Another constant support: the Center for Global Health team, including Salcedo and colleague David Sosa.
“We try to take care of all the back-end details so the parents can focus on their child,” Salcedo explains. “We do our best to make it as comfortable as possible for the family, to make it a home away from home during this difficult time.”
Salcedo and Sosa frequently checked in with Javier’s parents—and Javier himself. When Javier celebrated his second birthday during his first transplant, they brought him little toy cars and other gifts and joined with nurses in singing “Happy Birthday” to him.
Over time, the Center’s team builds close bonds with the families they serve. “Some of these families are thousands of miles from home,” Sosa says. “They look to us for comfort or to answer questions like, ‘Do you know of any hotels? Where can I buy this type of food?’ We try to be there for them as much as we can.”
The family’s biggest source of strength, though, was Javier himself. A happy, outgoing child, he quickly made friends with other patients and won the hearts of his nurses.
“He was teaching us how to smile in the middle of all this,” his mom says. “He showed that you can smile in the middle of a difficult time.”
A new kind of normal
After the transplants, Javier had 12 radiation treatments, as well as six months of immunotherapy, an advanced treatment not available in Mexico.
“Treatment for neuroblastoma generally takes 18 months, and it’s very intense,” Dr. Marachelian notes. “Javier was a young child growing and developing through all of this. But at the end of the treatment, he was thriving. That’s the success.”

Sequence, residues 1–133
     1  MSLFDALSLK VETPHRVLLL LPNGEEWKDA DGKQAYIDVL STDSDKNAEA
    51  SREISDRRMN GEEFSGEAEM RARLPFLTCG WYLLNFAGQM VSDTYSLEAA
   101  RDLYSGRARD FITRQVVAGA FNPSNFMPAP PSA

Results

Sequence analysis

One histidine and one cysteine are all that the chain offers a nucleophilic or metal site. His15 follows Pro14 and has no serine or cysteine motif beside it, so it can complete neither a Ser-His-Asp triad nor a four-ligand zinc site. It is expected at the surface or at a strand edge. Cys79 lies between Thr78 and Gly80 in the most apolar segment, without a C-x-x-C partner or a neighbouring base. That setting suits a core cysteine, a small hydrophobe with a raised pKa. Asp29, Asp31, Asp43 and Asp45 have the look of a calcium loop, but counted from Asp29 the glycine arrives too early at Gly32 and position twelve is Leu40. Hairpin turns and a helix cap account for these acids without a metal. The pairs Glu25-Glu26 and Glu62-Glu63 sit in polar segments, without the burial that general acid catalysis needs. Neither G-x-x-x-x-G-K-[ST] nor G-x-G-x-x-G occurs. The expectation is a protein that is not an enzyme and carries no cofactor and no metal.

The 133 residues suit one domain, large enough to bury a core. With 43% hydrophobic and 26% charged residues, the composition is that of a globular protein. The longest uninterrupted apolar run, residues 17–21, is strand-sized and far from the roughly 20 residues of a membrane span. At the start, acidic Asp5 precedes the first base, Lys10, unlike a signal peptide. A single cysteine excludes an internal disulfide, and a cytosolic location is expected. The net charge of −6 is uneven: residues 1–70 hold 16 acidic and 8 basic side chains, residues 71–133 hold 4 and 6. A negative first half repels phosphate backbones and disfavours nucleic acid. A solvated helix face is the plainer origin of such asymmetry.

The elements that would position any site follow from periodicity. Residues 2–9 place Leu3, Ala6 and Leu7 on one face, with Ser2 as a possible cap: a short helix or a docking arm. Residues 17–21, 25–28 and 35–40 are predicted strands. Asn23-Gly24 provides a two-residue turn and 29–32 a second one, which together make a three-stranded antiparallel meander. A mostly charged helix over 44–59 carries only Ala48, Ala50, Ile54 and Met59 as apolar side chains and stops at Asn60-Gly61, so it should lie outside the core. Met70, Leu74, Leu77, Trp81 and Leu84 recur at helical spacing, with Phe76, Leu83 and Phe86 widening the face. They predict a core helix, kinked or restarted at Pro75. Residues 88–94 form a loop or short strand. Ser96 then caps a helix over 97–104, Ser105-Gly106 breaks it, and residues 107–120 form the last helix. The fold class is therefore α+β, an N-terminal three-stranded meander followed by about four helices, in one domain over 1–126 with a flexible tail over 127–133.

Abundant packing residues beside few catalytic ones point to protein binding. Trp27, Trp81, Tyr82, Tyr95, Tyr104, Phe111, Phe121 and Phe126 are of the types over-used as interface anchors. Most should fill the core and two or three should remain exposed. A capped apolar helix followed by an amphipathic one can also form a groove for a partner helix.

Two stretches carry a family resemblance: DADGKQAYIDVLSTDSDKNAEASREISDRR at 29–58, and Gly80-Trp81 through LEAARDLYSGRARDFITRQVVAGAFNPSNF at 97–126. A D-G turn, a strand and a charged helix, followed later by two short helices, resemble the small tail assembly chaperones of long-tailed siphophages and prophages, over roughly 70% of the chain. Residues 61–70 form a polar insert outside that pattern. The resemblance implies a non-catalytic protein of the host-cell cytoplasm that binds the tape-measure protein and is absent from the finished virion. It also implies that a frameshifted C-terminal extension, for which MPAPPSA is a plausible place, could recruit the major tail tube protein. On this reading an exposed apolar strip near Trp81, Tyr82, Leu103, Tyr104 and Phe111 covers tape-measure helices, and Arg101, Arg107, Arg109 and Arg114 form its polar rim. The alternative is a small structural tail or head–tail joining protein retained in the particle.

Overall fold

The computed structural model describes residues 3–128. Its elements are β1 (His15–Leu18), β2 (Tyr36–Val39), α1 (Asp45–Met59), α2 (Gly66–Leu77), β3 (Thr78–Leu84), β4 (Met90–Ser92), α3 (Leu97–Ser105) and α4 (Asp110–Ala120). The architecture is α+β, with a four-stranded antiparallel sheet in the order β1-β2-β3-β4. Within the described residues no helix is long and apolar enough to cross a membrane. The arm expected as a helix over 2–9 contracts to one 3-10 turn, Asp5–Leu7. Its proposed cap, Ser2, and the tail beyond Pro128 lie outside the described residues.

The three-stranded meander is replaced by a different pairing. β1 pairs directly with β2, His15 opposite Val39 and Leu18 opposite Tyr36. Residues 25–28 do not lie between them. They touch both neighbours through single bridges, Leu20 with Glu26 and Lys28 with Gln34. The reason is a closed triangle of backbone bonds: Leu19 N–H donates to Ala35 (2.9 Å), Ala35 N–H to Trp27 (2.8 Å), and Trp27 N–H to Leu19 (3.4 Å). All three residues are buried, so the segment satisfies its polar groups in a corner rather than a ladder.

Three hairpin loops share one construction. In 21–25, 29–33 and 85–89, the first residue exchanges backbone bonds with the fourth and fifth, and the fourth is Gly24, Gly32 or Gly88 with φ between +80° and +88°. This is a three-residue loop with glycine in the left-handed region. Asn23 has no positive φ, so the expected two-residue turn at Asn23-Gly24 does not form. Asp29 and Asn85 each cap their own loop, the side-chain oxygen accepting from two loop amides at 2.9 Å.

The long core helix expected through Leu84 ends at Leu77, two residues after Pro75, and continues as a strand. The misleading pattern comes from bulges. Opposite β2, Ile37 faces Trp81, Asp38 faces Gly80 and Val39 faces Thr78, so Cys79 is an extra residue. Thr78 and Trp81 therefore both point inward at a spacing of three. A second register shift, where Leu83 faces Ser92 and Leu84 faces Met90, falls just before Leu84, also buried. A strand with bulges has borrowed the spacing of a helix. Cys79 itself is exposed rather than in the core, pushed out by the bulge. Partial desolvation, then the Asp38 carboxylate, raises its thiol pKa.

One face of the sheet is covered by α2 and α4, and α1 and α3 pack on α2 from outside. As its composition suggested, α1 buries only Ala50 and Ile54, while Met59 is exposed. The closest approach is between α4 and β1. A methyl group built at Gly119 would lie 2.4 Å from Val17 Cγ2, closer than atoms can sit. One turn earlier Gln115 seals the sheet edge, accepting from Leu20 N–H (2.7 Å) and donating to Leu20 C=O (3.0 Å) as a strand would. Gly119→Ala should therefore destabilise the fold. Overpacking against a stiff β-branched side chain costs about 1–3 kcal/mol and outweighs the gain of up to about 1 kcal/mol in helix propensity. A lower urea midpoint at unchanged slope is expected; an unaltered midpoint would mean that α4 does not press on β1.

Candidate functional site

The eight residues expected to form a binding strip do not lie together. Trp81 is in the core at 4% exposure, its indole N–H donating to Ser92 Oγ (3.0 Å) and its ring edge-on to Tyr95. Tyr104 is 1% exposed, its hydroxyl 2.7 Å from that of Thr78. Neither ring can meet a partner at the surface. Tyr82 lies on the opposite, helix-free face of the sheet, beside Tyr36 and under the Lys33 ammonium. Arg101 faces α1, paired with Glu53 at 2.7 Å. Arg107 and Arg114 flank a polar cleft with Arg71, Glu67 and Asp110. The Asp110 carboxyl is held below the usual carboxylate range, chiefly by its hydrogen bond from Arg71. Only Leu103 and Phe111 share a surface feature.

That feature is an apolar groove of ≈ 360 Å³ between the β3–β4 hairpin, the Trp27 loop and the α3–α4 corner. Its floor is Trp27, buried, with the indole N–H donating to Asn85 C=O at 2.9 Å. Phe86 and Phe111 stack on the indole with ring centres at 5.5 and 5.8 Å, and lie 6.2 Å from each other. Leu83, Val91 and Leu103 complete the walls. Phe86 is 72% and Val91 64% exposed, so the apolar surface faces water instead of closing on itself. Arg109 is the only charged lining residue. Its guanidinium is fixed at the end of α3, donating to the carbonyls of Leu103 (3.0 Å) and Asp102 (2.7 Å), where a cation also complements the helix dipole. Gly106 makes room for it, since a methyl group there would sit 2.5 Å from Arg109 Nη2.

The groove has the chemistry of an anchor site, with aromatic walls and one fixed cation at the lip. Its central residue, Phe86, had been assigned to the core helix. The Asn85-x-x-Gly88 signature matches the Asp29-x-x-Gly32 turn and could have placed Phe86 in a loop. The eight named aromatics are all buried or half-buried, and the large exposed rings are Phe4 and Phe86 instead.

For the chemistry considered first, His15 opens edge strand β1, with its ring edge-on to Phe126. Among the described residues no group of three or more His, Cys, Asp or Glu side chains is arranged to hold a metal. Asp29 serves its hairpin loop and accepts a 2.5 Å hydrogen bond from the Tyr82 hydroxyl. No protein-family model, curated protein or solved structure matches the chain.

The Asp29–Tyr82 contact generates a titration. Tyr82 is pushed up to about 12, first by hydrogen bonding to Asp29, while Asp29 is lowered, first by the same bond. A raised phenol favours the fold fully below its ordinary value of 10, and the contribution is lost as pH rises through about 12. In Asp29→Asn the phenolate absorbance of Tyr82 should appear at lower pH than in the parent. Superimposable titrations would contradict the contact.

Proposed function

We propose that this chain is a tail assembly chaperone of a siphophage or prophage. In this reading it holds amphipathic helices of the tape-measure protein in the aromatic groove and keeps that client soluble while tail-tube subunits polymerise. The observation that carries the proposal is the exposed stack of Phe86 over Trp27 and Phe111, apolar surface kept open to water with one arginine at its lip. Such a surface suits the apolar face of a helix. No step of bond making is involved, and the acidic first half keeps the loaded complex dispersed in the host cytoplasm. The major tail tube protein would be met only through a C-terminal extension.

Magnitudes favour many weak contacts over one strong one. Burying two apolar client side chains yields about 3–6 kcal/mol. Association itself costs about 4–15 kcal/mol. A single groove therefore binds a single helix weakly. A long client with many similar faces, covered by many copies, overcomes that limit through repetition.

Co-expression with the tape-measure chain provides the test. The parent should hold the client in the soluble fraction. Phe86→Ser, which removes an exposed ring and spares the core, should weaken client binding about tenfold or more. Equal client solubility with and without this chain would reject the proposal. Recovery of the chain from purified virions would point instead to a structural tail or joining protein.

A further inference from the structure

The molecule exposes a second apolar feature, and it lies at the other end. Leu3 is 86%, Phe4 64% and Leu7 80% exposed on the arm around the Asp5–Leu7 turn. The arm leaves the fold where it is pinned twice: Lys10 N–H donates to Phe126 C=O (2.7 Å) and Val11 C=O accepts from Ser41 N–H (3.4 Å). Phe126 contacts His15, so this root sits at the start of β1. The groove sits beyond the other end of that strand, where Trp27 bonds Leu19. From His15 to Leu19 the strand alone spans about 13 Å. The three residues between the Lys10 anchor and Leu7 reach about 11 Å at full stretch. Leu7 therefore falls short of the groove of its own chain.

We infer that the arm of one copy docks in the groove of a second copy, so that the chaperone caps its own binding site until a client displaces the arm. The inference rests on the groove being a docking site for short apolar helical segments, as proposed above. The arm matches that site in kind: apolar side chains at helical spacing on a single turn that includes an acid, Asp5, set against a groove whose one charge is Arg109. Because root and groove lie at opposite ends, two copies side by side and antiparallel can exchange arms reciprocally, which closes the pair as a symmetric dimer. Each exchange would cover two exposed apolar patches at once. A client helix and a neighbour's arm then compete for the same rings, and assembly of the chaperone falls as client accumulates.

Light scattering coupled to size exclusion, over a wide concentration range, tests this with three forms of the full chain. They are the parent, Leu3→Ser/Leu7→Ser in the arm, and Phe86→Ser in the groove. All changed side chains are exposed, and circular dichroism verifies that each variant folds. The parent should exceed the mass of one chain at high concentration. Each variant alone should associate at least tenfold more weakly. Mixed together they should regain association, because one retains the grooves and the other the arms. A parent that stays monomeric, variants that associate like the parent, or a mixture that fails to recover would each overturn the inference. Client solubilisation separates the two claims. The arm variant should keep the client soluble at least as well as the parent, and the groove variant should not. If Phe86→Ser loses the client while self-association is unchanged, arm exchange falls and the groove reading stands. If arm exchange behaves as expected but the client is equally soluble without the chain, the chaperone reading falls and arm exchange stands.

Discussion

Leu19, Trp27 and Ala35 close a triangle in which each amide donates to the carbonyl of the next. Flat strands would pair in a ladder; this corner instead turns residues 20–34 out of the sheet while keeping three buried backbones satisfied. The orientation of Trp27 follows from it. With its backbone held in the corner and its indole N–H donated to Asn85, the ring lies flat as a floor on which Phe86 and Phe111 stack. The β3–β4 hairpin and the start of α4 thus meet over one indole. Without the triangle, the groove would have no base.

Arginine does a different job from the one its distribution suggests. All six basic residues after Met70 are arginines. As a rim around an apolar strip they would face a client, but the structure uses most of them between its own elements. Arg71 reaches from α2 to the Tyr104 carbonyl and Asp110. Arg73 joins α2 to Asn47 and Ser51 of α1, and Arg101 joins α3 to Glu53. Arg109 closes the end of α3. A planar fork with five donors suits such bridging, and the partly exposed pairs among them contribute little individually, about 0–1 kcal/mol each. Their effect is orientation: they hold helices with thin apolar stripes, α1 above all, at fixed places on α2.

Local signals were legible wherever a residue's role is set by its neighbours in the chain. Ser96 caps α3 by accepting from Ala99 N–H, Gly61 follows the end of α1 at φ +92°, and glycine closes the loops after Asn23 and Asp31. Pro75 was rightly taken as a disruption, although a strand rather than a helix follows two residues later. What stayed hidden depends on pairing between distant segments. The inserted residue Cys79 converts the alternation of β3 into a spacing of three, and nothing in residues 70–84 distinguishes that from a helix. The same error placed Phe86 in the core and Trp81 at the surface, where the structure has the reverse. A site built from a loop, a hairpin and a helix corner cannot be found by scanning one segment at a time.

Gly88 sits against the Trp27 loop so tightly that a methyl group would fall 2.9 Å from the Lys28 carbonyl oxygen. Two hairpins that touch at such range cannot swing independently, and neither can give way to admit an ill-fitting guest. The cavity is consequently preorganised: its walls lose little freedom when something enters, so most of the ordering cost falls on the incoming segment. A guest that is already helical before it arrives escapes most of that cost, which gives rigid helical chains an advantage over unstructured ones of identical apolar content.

The last six months of Javier’s treatment also coincided with the COVID-19 pandemic. This meant that at the time, only one parent could stay with Javier. (It was usually Belén.) Still, the family appreciated the hospital’s efforts to protect patients, families and staff.
“Children’s Hospital Los Angeles does a great job at COVID prevention. We felt very safe and comfortable with all of the requirements and rules,” says Enrique, adding that the hospital tested Javier for the coronavirus before all hospital checkups and admissions. “The staff wore their masks and washed their hands, and they really controlled the flow of people through the hospital.”
In September 2020, Javier’s family finally headed home. His siblings greeted him in the car with balloons and hugs, crying out with joy: “We are going back to Mexico!”
Today, Javier is doing great, and his scans are clear. Now 3, he’s running around the house with his siblings, riding his tricycle and playing with his beloved dog, a golden Lab named Cuco.
The family returns to Children’s Hospital Los Angeles every three months for checkups. But mostly, their lives are—finally—back to normal. But it’s a different normal than before.
“We are back to the life we used to have, but we see everything different,” Belén says. “We go out to the sidewalk every afternoon to ride bicycles. We would do that before, but now, we are so happy we can do this. We see everything with more value. It’s like a miracle every day.”